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From: Jason Hise (chaos_at_[hidden])
Date: 2005-01-05 21:48:35

Joe Gottman wrote:

> 1) I strongly dislike your virtual operator=(const SingletonBase &).
>Most of the Singletons I use don't have any virtual functions, and I would
>rather not add any if I don't have to. In your comments you say you only
>define it to make sure that SingletonBase cannot be instantiated. Keeping
>the destructor (or all the constructors) non-public has the same effect.
> 2) It would be easier on users if, instead of Singleton<T> inheriting
>from T, you reversed it so that T must inherit from Singleton<T> (the
>curiously recurring template pattern). This would make it possible to
>communicate in both directions between T and Singleton<T>. It would also
>make it much easier to turn an existing class into a Singleton.
First I should note that I made some changes since the first version I
posted, the new version is available at Specifically,
the singleton no longer has a static dependency on itself, so client
code can control lifetimes much more dynamically. In addition, I made
GetInst return a smart pointer containing a dependency so that GetInst
will never fail.

It looks like I should post some sample client code so that it is clear
exactly how my design is intended to be used. It is a bit unusual, but
actually very clean and safe:

#include <iostream>
#include "Singleton.h"
using namespace utils;
using namespace std;

class A : public SingletonBase
    A ( )
        cout << "A created\n";

    ~ A ( )
        cout << "A destroyed\n";

    void DoSomethingUseful ( )
        cout << "A being useful\n";

class B : public SingletonBase
    // 1)
    //Singleton < A > :: Dependency require_a;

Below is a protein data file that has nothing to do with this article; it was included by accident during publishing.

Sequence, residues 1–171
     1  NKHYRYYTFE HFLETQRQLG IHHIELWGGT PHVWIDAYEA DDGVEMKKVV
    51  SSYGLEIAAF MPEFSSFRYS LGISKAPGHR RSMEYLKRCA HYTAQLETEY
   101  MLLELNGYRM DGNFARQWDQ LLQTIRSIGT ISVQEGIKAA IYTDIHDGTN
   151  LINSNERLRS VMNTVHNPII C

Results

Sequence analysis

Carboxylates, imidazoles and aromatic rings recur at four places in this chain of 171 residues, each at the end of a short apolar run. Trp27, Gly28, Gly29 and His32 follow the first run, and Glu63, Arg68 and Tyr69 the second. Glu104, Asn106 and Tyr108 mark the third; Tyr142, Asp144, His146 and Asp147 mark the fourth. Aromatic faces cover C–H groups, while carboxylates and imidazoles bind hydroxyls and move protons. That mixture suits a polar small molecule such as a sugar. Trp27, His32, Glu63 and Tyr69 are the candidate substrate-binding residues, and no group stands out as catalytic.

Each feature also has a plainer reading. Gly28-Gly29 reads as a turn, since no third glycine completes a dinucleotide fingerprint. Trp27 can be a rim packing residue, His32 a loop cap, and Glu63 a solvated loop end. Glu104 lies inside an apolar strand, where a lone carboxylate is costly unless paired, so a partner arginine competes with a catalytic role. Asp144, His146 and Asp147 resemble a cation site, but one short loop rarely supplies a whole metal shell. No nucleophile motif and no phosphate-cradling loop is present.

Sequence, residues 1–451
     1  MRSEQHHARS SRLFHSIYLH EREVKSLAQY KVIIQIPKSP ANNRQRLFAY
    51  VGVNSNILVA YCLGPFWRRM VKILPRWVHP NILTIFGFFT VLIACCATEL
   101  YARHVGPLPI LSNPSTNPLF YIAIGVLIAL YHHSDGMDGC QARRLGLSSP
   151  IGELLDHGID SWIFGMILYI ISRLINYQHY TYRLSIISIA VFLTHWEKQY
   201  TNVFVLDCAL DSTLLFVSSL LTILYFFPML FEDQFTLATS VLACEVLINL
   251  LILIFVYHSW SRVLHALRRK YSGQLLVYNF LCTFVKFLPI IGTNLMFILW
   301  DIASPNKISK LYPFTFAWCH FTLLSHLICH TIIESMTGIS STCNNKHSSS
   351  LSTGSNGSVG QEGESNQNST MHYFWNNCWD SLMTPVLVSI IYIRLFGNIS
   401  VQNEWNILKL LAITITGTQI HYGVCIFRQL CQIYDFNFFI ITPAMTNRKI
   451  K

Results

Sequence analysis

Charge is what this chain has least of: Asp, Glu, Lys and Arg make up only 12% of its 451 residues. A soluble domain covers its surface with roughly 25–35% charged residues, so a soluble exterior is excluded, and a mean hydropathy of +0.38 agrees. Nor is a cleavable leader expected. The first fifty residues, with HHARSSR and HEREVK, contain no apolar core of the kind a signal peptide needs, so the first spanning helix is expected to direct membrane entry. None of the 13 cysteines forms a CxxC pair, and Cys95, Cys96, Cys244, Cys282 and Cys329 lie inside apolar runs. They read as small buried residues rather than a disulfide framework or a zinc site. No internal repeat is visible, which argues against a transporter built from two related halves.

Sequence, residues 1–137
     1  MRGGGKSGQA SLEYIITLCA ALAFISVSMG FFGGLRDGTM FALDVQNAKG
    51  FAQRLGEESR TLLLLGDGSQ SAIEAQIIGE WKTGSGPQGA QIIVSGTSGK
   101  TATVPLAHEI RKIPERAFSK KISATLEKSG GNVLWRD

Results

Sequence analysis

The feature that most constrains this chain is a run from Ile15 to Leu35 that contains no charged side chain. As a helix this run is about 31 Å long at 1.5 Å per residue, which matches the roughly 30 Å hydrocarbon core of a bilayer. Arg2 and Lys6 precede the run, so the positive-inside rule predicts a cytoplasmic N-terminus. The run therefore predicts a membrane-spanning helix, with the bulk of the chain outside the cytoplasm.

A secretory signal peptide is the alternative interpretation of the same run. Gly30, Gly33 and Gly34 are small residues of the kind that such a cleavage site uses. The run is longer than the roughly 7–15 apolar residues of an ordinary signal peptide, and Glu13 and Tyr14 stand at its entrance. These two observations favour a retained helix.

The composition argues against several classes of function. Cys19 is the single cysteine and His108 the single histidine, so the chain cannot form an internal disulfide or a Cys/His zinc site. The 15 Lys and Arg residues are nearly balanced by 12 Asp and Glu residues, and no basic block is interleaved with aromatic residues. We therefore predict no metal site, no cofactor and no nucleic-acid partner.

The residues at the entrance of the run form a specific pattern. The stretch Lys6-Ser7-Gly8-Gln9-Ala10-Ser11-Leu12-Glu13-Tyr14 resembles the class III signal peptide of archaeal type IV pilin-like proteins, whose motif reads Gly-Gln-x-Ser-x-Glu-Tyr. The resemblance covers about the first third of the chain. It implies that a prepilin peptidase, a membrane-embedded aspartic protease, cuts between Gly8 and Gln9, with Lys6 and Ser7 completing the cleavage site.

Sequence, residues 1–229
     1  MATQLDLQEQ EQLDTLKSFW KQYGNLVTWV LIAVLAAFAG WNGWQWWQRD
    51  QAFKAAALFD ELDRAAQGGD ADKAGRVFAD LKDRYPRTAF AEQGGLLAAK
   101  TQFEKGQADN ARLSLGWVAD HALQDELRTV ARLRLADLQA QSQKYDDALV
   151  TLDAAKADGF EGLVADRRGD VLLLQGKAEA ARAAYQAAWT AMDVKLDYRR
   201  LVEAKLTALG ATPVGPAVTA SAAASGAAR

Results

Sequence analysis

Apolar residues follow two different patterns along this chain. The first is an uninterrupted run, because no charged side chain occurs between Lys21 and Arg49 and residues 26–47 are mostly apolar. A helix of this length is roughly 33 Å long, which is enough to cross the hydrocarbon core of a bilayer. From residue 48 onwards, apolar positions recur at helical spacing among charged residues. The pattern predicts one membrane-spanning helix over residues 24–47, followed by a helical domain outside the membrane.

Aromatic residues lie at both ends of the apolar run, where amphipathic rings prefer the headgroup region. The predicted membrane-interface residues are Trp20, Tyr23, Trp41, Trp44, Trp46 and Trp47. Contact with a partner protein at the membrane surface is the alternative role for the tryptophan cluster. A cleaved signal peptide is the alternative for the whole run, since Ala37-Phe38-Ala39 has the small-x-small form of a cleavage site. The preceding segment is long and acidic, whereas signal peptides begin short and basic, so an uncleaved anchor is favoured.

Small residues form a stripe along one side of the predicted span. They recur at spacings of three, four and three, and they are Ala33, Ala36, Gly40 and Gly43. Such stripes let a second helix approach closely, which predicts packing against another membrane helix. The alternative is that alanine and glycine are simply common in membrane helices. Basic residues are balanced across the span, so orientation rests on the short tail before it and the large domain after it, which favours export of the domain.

B ( )
        cout << "B created\n";

    ~ B ( )
        cout << "B destroyed\n";

    void DoSomethingUseful ( )
        cout << "B being useful\n";
        Singleton < A > :: SingletonPtr instance = Singleton < A > ::
GetInst ( );
        instance->DoSomethingUseful ( );

// 2)
//Singleton < B > :: Dependency require_b;

int main ( )
    cout << "Entering main\n";
        // 3)
        //Singleton < B > :: SingletonPtr instance = Singleton < B > ::
GetInst ( );
        //instance->DoSomethingUseful ( );
    cout << "Exiting main\n";
    return 0;

If both points 2 and 3 stay commented out, no singletons are created.
If 2 is uncommented, B will exist for the lifetime of the program. If 1
is also uncommented, A will exist before and after B is created and
destroyed. If 2 remains commented but 3 is uncommented, the singletons
are created in the scope where the instance is referenced, and destroyed
when the scope exits. Singletons would be able to be reincarnated any
number of times.

The important thing to notice is the safety that is enforced at compile

A) It is illegal at compile time to have a Singleton < T > where T does
not derive from SingletonBase.
B) It is illegal at compile time to create an instance of
SingletonBase. It is also illegal to create an instance of a derived
type, because SingletonBase makes assignment pure virtual, therefore
making child classes pure virtual as well.
C) Even though Singleton < T > overrides the assignment operator to
become non abstract, it still cannot be created by client code because
of it's private constructor and destructor.
D) The singleton instance cannot be copied; only SingletonPtrs to it can
be copied, which essentially just increase the number of dependencies.

I cannot think of any way I could have enforced all of this if singleton
only acted as a base class.

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